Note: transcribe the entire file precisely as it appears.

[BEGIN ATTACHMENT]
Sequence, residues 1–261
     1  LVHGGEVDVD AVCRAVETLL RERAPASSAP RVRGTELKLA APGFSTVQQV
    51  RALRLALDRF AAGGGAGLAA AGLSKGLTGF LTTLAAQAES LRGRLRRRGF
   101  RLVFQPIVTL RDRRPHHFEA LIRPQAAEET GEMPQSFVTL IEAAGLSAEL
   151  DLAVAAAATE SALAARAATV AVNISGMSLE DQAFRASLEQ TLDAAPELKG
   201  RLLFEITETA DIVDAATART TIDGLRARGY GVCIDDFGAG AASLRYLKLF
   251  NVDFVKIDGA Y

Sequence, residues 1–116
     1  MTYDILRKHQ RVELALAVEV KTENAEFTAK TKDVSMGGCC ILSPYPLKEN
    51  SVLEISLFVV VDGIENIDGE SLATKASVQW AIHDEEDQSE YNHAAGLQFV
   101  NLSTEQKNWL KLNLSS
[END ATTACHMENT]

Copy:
Sequence, residues 1–261
     1  LVHGGEVDVD AVCRAVETLL RERAPASSAP RVRGTELKLA APGFSTVQQV
    51  RALRLALDRF AAGGGAGLAA AGLSKGLTGF LTTLAAQAES LRGRLRRRGF
   101  RLVFQPIVTL RDRRPHHFEA LIRPQAAEET GEMPQSFVTL IEAAGLSAEL
   151  DLAVAAAATE SALAARAATV AVNISGMSLE DQAFRASLEQ TLDAAPELKG
   201  RLLFEITETA DIVDAATART TIDGLRARGY GVCIDDFGAG AASLRYLKLF
   251  NVDFVKIDGA Y

Sequence, residues 1–116
     1  MTYDILRKHQ RVELALAVEV KTENAEFTAK TKDVSMGGCC ILSPYPLKEN
    51  SVLEISLFVV VDGIENIDGE SLATKASVQW AIHDEEDQSE YNHAAGLQFV
   101  NLSTEQKNWL KLNLSS